Overview of Buddhist Tantra - General Presentation of the Classes of Tantra Captivating the Mind of the Fortunate Ones (173p) [Anomolous]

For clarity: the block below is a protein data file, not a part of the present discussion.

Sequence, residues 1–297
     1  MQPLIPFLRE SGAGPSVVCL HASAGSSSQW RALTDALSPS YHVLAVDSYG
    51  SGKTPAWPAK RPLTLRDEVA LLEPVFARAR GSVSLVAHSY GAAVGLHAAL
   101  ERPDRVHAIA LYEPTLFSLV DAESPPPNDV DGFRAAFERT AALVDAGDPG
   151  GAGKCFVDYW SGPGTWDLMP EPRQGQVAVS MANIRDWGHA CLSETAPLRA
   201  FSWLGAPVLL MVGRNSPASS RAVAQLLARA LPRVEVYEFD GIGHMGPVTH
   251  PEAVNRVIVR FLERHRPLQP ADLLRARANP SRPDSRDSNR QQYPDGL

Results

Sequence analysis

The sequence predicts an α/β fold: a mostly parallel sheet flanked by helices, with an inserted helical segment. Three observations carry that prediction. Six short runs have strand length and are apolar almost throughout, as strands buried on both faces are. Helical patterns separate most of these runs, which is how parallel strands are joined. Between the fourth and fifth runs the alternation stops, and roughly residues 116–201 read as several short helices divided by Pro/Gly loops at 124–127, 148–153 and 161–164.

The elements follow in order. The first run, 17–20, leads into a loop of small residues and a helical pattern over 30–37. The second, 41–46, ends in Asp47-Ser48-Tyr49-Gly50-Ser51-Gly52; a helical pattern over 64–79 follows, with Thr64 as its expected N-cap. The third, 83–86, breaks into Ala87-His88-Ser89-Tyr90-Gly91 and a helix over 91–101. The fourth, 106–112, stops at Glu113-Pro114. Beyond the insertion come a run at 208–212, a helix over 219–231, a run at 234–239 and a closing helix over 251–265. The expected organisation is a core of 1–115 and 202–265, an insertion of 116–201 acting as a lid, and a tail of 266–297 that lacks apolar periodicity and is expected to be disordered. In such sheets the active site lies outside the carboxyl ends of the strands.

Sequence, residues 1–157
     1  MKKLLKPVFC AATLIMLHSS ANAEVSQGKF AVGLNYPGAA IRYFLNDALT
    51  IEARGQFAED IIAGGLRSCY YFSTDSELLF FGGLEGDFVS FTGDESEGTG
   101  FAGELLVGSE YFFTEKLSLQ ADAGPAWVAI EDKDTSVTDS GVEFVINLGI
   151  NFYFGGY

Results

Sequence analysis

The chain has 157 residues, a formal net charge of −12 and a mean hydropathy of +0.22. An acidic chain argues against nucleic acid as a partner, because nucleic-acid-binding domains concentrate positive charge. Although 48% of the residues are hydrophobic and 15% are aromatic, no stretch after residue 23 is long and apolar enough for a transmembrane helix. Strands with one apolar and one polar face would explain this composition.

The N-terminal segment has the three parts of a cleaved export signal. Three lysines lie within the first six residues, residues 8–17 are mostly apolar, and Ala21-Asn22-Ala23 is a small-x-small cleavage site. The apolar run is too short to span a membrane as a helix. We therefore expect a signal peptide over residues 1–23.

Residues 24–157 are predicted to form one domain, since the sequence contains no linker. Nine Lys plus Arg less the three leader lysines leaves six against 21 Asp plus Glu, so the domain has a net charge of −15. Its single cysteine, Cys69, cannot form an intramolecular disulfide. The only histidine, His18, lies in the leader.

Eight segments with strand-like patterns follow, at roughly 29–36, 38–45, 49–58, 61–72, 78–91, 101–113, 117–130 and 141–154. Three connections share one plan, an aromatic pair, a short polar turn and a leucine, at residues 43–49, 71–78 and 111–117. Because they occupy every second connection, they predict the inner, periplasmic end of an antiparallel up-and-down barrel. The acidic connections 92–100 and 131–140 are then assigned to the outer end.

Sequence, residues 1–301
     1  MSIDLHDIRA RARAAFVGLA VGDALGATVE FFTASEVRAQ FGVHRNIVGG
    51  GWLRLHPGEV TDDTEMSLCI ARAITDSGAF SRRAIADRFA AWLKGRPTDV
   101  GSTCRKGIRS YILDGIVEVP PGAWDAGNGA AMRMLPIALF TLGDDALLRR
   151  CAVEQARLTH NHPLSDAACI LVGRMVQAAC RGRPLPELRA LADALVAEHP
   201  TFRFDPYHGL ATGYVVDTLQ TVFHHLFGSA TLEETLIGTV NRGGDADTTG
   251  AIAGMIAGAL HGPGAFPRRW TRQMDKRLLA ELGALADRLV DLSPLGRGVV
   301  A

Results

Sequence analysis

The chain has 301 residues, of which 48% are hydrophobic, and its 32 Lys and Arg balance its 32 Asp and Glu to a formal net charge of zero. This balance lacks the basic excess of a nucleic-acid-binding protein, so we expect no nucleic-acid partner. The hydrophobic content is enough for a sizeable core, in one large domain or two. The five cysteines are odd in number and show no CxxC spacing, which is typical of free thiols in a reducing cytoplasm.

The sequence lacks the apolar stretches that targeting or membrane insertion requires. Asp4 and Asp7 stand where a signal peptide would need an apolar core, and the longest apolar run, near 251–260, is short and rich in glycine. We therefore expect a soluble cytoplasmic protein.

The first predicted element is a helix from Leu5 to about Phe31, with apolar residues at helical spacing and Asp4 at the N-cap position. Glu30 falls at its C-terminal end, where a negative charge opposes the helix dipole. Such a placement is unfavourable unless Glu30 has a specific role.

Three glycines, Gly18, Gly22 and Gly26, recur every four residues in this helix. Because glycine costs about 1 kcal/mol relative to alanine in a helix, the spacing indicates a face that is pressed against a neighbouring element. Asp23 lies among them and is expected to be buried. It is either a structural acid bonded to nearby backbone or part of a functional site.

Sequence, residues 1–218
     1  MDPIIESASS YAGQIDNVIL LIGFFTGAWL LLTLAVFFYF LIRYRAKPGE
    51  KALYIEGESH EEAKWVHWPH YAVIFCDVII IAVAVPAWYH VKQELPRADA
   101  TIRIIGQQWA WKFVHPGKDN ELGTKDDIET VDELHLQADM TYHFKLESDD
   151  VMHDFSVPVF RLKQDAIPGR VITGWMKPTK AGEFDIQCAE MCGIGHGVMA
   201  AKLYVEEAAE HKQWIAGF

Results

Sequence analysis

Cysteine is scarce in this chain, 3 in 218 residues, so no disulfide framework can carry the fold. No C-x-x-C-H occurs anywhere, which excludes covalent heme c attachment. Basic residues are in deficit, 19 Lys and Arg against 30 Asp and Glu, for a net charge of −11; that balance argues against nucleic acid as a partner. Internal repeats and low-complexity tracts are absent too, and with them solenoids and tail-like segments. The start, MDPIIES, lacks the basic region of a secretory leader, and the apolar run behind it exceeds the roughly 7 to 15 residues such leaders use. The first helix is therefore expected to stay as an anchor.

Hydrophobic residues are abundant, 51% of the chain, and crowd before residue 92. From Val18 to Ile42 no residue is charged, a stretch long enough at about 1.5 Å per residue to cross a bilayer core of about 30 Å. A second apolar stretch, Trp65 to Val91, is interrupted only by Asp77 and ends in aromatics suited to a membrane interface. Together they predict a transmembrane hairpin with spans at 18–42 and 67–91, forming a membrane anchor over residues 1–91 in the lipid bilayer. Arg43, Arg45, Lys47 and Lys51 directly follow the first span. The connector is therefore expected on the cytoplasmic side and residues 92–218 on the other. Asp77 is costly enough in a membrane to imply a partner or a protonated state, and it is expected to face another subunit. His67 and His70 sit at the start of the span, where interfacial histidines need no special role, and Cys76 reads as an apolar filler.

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<ul><li><p>nt lion if tlr Ia f turtr , ind of th ortunate n </p><p>" lr 11 ua "' rn p </p></li><li><p>Overview of Buddhist Tantra GENERAL PRESENTATION OF THE CLASSES OF TANTRA, </p><p>CAPTIVATING THE MINDS OF THE FORTUNATE ONES </p></li><li><p>Overview of Buddhist Tantra GENERAL PRESENTATION OF THE CLASSES OF TANTRA, </p><p>CAPTIVATING THE MINDS OF THE FORTUNATE ONES </p><p>rgyud sde spyi' i rnam par bzhag pa skal bzang gi yid 'phrog ces bya ba bzhugs so </p><p>BY PANCHEN SONAM DRAGPA </p><p>(Par:t-chen bSod-nams grags-pa, 1478-1554) </p><p>English translation by Martin J. Boord &amp; Losang Norbu Tsonawa </p><p>LIBRARY OF TIBETAN WORKS AND ARCHIVES </p></li><li><p>Copyright 1996 Library of Tibetan Works and Archives, Dhararnsala First published in 1996 </p><p>ALL RIGHfS RESERVED </p><p>No part of this publication may be reproduced, stored in a retrieval system, or transmitted in any form or by any means, electronic, mechanical, photo-copying, recording or otherwise, without the prior permission of the bear-ers of copyright. </p><p>ISBN: 81-85102-99-6 </p><p>Published by the Library of Tibetan Works and Archives, Dharamsala, H.P. (India) and printed at Indraprastha Press (CBT), 4 Bahadurshah Zafar Marg, New Delhi 110002. </p></li><li><p>Contents Foreword . . . . . . . . . . . . . . . . . . . . . . . . . . . . . . . . . . . . . . . . . . .. . . . . . . . vii Publisher's Note ............................................. xi </p><p>1 Author's introduction ........................................ 1 2 How the Teacher Attained Completely Pure Enlightenment . . . . . . . 2 </p><p>The Sravaka tradition. . . . . . . . . . . . . . . . . . . . . . . . . . . . . . . . . . . . . . 2 The Mahayana tradition . . . . . . . . . . . . . . . . . . . . . . . . . . . . . . . . . . . 2 </p><p>The Paramitayana tra~ition . . . . . . . . . . . . . . . . . . . . . . . . . . . . . . 2 The Mantrayana tradition . . . . . . . . . . . . . . . . . . . . . . . . . . . . . . . 3 </p><p>The Yogatantra tradition ............................. 3 The Anuttarayogatantra tradition. . . . . . . . . . . . . . . . . . . . . . 6 </p><p>3 How the Buddha Turned the Wheel of Dharma . . . . . . . . . . . . . . . . . . 9 How the Buddha turned the wheel of the siitras. . . . . . . . . . . . . . . 9 How the Buddha turned the wheel of secret mantra . . . . . . . . . . 13 </p><p>4 How all Those who Seek Liberation Must Follow the Teachings of the Buddha ................................. 14 </p><p>5 The Different Doors to the Stages of the Path . . . . . . . . . . . . . . . . . . . 15 Differentiation in terms of tenets . . . . . . . . . . . . . . . . . . . . . . . . . . . 15 Differentiation in terms of vehicles . . . . . . . . . . . . . . . . . . . . . . . . . 16 </p><p>The Hinayana. . . . . . . . . . . . . . . . . . . . . . . . . . . . . . . . . . . . . . . . 17 The Mahayana . . . . . . . . . . . . . . . . . . . . . . . . . . . . . . . . . . . . . . . . 17 </p><p>The Paramitayana . . . . . . . . . . . . . . . . . . . . . . . . . . . . . . . . . . 19 The Secret Mantra Vehicle (Guhyamantrayana) . . . . . . . . . 22 </p><p>6 Action Tantra (Kriyatantra). . . . . . . . . . . . . . . . . . . . . . . . . . . . . . . . . . 24 Inner Classification. . . . . . . . . . . . . . . . . . . . . . . . . . . . . . . . . . . . . . . 24 </p><p>The Tathagata family . . . . . . . . . . . . . . . . . . . . . . . . . . . . . . . . . . 24 The Lotus family . . . . . . . . . . . . . . . . . . . . . . . . . . . . . . . . . . . . . . 26 The Vajra family ...................................... 27 General classification . . . . . . . . . . . . . . . . . . . . . . . . . . . . . . . . . . 28 </p><p>Explanation of Empowerments and Vows . . . . . . . . . . . . . . . . . . . 29 Empowerments in Kriya- and Caryatantra . . . . . . . . . . . . . . . . 29 Explanation of vows . . . . . . . . . . . . . . . . . . . . . . . . . . . . . . . . . . . 31 Stages of practising the path . . . . . . . . . . . . . . . . . . . . . . . . . . . . 32 </p><p>The Way of Practising on the Path . . . . . . . . . . . . . . . . . . . . . . . . . . 34 7 Performance Tantra and Yoga Tantra. . . . . . . . . . . . . . . . . . . . . . . . . . 38 </p><p>Explanation of Performance Tantra (Caryatantra) . . . . . . . . . . . . 38 Explanation of Yoga Tantra (Yogatantra) . . . . . . . . . . . . . . . . . . . . 38 </p><p>Explanation in accordance with texts. . . . . . . . . . . . . . . . . . . . . 38 </p></li><li><p>vi Overview of Buddhist Tantra Methods of practice. . . . . . . . . . . . . . . . . . . . . . . . . . . . . . . . . . . . 42 </p><p>8 Highest Yoga Tantra (Anuttarayogatantra) ..................... 43 Explanation by way of name. . . . . . . . . . . . . . . . . . . . . . . . . . . . 43 Explanation by way of distinction . . . . . . . . . . . . . . . . . . . . . . . 43 Views of other schools . . . . . . . . . . . . . . . . . . . . . . . . . . . . . . . . . 43 The View of our own school . . . . . . . . . . . . . . . . . . . . . . . . . . . . 45 Differentiating between Father and Mother tantras . . . . . . . . 46 </p><p>Summary of Father Tantra . . . . . . . . . . . . . . . . . . . . . . . . . . . . . . . . 47 Destroyer of the Lord of Death Tantra. . . . . . . . . . . . . . . . . . . . 47 </p><p>Summary of Mother tantra . . . . . . . . . . . . . . . . . . . . . . . . . . . . . . . . 50 The Hevajra Tantra . . . . . . . . . . . . . . . . . . . . . . . . . . . . . . . . . . . . 50 The Supreme Bliss Tantra . . . . . . . . . . . . . . . . . . . . . . . . . . . . . . 51 The Wheel of Time Tantra . . . . . . . . . . . . . . . . . . . . . . . . . . . . . . 54 </p><p>9 The Secret Assembly Tantra .................................. 56 Meaning of the term 'root tantra' . . . . . . . . . . . . . . . . . . . . . . . . . . . 56 Explanation of the greatness of this text . . . . . . . . . . . . . . . . . . . . . 58 How the commentaries came into being. . . . . . . . . . . . . . . . . . . . . 59 How the teachings came to Tibet . . . . . . . . . . . . . . . . . . . . . . . . . . . 63 Explanation of the actual meaning of these precious precepts . . 64 </p><p>10 The Explanation of Empowerment . . . . . . . . . . . . . . . . . . . . . . . . . . . . 66 The Principal features of empowerment. . . . . . . . . . . . . . . . . . . . . 66 Defining the qualities of the vajra master. . . . . . . . . . . . . . . . . . . . 67 Defining the qualities of the disciple . . . . . . . . . . . . . . . . . . . . . . . . 68 Defining the mai).</p></li><li><p>Foreword </p><p>0 Chos-rje bSod-nams grags-pa-dpal! In the vast expanse of Your bodhi-mind, The mind that the Buddhas have lauded for as many as </p><p>one hundred times, You have developed "merit" shining like the sun. Through Your skill in learning, debate and writing, As illuminating as one hundred thousand sun rays, You have developed in You a complete knowledge of </p><p>the entire sutras and tantras, Resembling a garden of flowers in full bloom. The power of Your speech is like the sun; The fame of your name has reached the three realms of </p><p>this world. 0 Sonam Dragpa, the teacher of teachers! I bow down at your feet. </p><p>In the vast garden of Your great teachings, The intelligent young people gather for TThe 'six ultimates' and the 'four modes of transmis-</p><p>sion,' Just as they are attracted to The one hundred thousand types of nectar Dripping from a flower of one hundred petals. May I be able to experience The taste of the secret tantra! </p><p>Panchen Chos-rje bSod-nams grags-pa-dpal, the holder of sutra and Vajrayana teachings, was a master whose outstanding learning and spiri-tual accomplishments are well known by all the learned ones in Tibet. His first incarnation came in the form of one of the five prestigious dis-ciples of Lord Tsong-kha-pa and became known as Vinaya Holder Grags-pa rgyal-mtshan. Then came Panchen bSod-nams grags-pa-dpal, the author of the present text. The next was mNga' -ris sPrul-sku Grags-pa rgyal-mtshan. In this way, a line of his incarnations, each with the grags-pa surname, followed successively. </p><p>Panchen bSod-nams grags-pa-dpal was born in the 14th century in rTsed-thang in the Lho-kha region of Central Tibet. He entered the great seat of learning, Se-ra theg-chen-gling monastic university, where he became the personal disciple of spiritual master Dhon-yod dang-ldan and His Holiness the Second Dalai Lama dGe-'dun rgya-mtsho. Under </p></li><li><p>viii Overview of Buddhist Tantra them, he studied the entire teachings of sutra, tantra and their commen-taries, and became known for his outstanding learning. He also received from them the empowerments, reading transmissions, guides and in-structions of the entire body of spiritual training. On becoming the fully blessed one, the Dalai Lama appointed him the abbot of the Blo-gsal-gling college, one of the four colleges of 'Bras-dpung- the most presti-gious monastic university in Tibet before 1959, with over 10,000 monks on its register. He continued to be the abbot of this college for the next six years; and after him the tenure for each of his successors in this po-sition was fixed for a period of six years, a rule that is followed even today. </p><p>He was then appointed the head of the dGe-lugs-pa order, the throne holder of dGa' -ldan, thus becoming the 15th regent of Lord Tsong-kha-pa, the second Buddha. In his eulogy to him, mi</p></li><li><p>Forward ix </p><p>I would outdo them in this field, Arya Asanga and his brother transmigrated into another realm. </p><p>In the field of debate, I am [next to none!] Knowing that I would find out the areas they had contradicted and that I would examine them and put forth my argu-ments, the logician Digh-naga and Dharmakirti tact-fully bypassed me. </p><p>In the field of writing, I am [next to none!] [In my eyes,] Arya-sura was just good at spreading the works, which are like 'disputes~ between an insect and a field.' </p><p>I am the learned man. Peerless in the field of teaching, debate and writing! </p><p>For some this passage might sound utterly nonsensical, but the most learned master of our age, the talented teacher, logician and writer, the late tutor to His Holiness the Dalai Lama, Yongs-' dzin Khri-byang rDo-rje-'Chang, said: "Now, some people of our time, who consider them-selves learned scholars, think that this is utter nonsense; but they are wrong." </p><p>Panchen bSod-nams grags-pa-dpal wrote over 45 volumes of books dealing with many different subjects, such as the commentaries on the sutras and tantras, the saddhana manuals of the tutelary deities, his-tory, religious history and so forth. Among these, one that is very im-portant for all who wish to learn and meditate on the path-of the practi-cal aspect of Buddhism in general and that of Vajrayana in particular is the Legs bshad rgyud sde spyi'i nuzm par bzhag pa skal bzang gi yid 'phrod. In this book, he has explained precisely how the four tantras differ from one another. He has also fully described the stages of the two spontane-ous path practices of the Vajrayana tradition, dealing with the 'six ulti-mates' and the 'four modes of transmission', thus interpreting without mistake the intention of Adhi-Buddha Vajradhara. </p><p>May the reprint of this text, which the Library of Tibetan Works and Archives is publishing herewith, bring peace and happiness in this world! </p><p>Prof. Nawang Jinpa St. Joseph's College Darjeeling </p><p>January 24 1996 </p></li><li><p>Publisher's Note The Library of Tibetan Works and Archives is pleased to publish Over-view of Buddhist Tantra: General Presentation of the Classes ofTantra, Capti-vating the Minds of the Fortunate Ones, as a contribution to the corpus of works which already exist on the subject of Buddhist Tantra. </p><p>This complex and detailed work was written by the outstanding master Panchen bSod-nams grags-pa (1478-1554) and provides an exxcellent framework for the understanding of Tantric practice. The translators, Martin J. Boord and Losang Norbu Tsonawa, are to be congratulated for their sterling efforts in rendering this work into English. </p><p>We are sure that this book will be of immense benefit to all serious practitioners of Tantric Buddhism. </p><p>Gyatsho Tshering Director </p><p>March 1996. </p></li><li><p>Author's Introduction [1] Herein is contained a general overview of Buddhist tantra called Cap-</p><p>tivating the Minds of the Fortunate Ones. With respectful salutations I go for refuge to the omniscient rJe Rin-po-che,l who has the nature of all the Bud-dhas of the three times, and to the lineage of his sons, the disciples. Now here I will explain the tantric teachings in two parts: first the general teach-ings will be explained, and then the Secret Assembly Tantra will be shown separately. </p><p>The first section (explanation of the general teachings) has four divi-sions: </p><p>1. The manner in which the Teacher gained completely pure enlighten-ment. </p><p>2. Having attained enlightenment, the manner in which he turned the wheel of the Dharma. </p><p>3. In accordance with the above, I will show that all those who wish for liberation must follow only the teachings of the Buddha. </p><p>4. And, following that, I will reveal the different doors of the stages of the path. </p></li><li><p>How the Teacher Attained Completely Pure Enlightenment </p><p>The first of these four divisions has two parts: [3] the tradition of the Sravakas2 and the Mahayana3 tradition. </p><p>THE SRA VAKA TRADITION The Sravaka tradition is given in the Treasury of Higher Knowledge4 (in </p><p>which it is stated that) the bodhisattva VipasyinS arose as a Buddha at the end of three immeasurable aeons, having first generated bodhicitta6 under the Buddha Mahasakyamuni.7 As it is said; "Our teacher first aroused the thought of enlightenment in the presence of Mahasakyamuni. From then until the Buddha RatnasikhinB appeared in the world, the first immeasur-able aeon passed. The second aeon extended until the Buddha Dipailkara9 appeared in the world, and throughout the third aeon Vipasyin accumu-lated the collections of merit [and wisdom], until he himself arose in the world as a perfect Buddha. At the end of this time he was born as Sarvarthasiddha, the son of King Suddhodana [4] and, at the age of 35, in the month of VaiSakha, the last month of spring, during the evening of the full moon he destroyed the hosts of Mara. During the middle of the night he entered a state of deep meditation (samadhz} and completely traversed the paths of preparation, seeing and meditation.lO Before dawn he attained complete and perfect enlightenment." In that tradition it is held that, up until the overthrow of Mara, he performed the deeds of an ordinary bodhisattva.ll Later, at the age of 80 years, the Buddha passed into parinirvfll}a. In this tradition it is held that, at that time, the continuum of his mind was cut off, just like the light of a lamp that has run out of oil. </p><p>THE MAHAYANA TRADITION Within the Mahayana school, there are two traditions: the Vehicle of the </p><p>Perfections (paramitayana), and the Tantric Vehicle (mantrayana). First I will discuss the view of the Vehicle of Perfections. </p><p>THE PARAMITAYANA TRADITION Here it is held that the bodhisattva completed the paths of accumula-</p><p>tion and preparation and attained the first level (bhumi)l2 during the first immeasurable aeon. During the second aeon he ascended through the re-maining six impure levels, and completed the stages of the three pure lev-els during the third aeon.13 The cycle o...</p></li></ul>